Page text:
Wednesday 18 May 2011

Of Literature and Other Abstract Thoughts

One of my favourite exercises when I did impro at uni was one in which the instructor gave us, actors, a famous play each and asked us to open it on a random page. We, then, had to create and develop a scene on the spot using texts which, most of the time, were not related to each other. The format was changed slightly for actual performances, with the addition of adjectives, nouns or verbs thrown at us by a live and totally engaged audience who was willing to see whether we were able to craft a credible and, above all, comic scene out of the material provided. It was possibly one of the few instances in which the likes of Ionescu, Brecht and Molière shared the bill in the same show.

One of the outcomes of said exercise was that my reading habits slowly changed. Whereas up to then I was happy to read sequentially - and novels usually demand this approach, exceptions notwithstanding -, eventually I began to read volumes of poetry and short stories randomly. Sometimes, it would be the name of a particular author that would make me open the book on a particular page. Sometimes, I would close my eyes and let the book fall on my lap and work my way forward or backward from the passage selected. Obviously, it goes without saying that if it was a collection of short stories what I was devouring, I had to rewind to the beginning of the tale.

This approach was instrumental in my reading of The Bible, for instance. Bought for ten Cuban pesos in the 1992 Havana International Book Fair, the holy text arrived shrouded in the mystery of the forbidden and unexpected. The former because of an earlier clampdown by the government on religious people and the latter because no one could predict that one day the highly influential volume would be sharing the sales shelves with the likes of Guillén and Gabo.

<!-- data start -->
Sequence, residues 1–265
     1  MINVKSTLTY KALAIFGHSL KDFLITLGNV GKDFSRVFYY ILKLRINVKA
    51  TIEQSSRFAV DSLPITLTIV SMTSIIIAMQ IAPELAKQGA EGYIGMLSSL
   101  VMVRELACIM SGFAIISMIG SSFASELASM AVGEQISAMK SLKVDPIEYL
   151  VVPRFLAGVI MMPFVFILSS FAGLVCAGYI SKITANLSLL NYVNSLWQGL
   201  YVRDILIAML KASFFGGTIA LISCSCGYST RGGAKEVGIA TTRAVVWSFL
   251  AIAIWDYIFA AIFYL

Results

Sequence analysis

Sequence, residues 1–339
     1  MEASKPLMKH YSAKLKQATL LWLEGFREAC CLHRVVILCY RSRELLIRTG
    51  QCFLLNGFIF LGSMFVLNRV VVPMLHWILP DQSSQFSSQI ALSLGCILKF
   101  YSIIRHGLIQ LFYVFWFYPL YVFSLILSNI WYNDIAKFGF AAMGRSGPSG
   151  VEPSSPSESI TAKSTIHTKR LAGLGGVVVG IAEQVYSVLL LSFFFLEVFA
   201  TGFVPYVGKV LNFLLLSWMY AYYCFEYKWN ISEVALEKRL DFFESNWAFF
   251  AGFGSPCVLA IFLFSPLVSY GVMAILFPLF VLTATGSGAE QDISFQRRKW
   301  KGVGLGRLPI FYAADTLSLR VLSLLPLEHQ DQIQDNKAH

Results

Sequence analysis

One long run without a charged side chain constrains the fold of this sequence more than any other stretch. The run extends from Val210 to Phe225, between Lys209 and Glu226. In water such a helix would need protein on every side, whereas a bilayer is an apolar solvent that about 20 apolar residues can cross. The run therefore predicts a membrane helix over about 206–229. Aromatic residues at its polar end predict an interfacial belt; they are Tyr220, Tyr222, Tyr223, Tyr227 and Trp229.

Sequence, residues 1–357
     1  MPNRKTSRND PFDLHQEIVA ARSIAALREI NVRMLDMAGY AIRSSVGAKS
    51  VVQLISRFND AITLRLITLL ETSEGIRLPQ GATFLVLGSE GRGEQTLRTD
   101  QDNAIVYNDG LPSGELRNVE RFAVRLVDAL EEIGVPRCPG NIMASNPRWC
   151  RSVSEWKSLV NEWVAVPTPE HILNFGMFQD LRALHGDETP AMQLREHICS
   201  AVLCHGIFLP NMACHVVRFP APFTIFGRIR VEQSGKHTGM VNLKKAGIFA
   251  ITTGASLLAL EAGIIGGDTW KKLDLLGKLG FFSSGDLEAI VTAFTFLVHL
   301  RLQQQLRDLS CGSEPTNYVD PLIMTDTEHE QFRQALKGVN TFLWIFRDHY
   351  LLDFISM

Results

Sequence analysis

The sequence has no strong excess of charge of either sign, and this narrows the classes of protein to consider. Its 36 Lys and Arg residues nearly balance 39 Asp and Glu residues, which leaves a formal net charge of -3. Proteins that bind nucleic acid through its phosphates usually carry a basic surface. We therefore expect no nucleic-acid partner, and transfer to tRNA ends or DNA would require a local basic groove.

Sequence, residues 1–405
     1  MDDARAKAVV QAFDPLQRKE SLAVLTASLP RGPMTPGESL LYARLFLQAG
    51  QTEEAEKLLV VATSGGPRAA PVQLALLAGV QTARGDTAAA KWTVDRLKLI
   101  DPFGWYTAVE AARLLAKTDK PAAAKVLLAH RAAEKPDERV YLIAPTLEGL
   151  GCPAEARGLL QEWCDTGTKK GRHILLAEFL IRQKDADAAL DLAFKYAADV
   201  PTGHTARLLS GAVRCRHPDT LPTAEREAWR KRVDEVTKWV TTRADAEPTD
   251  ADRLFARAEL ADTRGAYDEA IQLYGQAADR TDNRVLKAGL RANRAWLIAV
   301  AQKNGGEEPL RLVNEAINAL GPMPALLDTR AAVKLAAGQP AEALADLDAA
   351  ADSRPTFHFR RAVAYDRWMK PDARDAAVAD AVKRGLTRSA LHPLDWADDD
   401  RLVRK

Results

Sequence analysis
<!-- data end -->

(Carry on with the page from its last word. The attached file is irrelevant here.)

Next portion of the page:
Naturally, the first chapter I read was the Book of Genesis and straight away I realised that in order to really enjoy this cultural landmark, sequence had to give way to randomness. One reason for The Bible's popularity over the centuries is how its scriptural writings are laid out. They invite readers to sample bitesize texts and mull over them. Like Aesop and his fables, where you can jump from The Tortoise and the Hare to The Boy Who Cried Wolf; in The Bible you can go from reading about Solomon in the Books of Kings to learning about the life, death and resurrection of Jesus in the Gospel of Matthew.

Thus, random reading has been my companion in my literary jaunts for many years. For example, one night last August whilst vacationing in Wales, I was (again!) trudging through my old copy of Shakespeare's sonnets when I decided to close my eyes and let the book open on any page. The result was Sonnet 2, which until then had escaped my radar. It was a cool, fresh night, the caravan's windows were shut and the only sounds came from Mother Nature struggling to find a balance between summer and early autumn.

The lines called out to me from the word go. And I was not surprised in the least as to why. For someone about to hit the big four-o this year, the opening "When forty winters shall beseige thy brow..." carries the musky smell of experience, the joys and tribulations of a life well lived. Shakespeare's poem also points at continuity, at the bloodline, passed down from one generation to the next. From this perspective, his paean to middle age is one of the many rewards one encounters when reading randomly.


When forty winters shall beseige thy brow,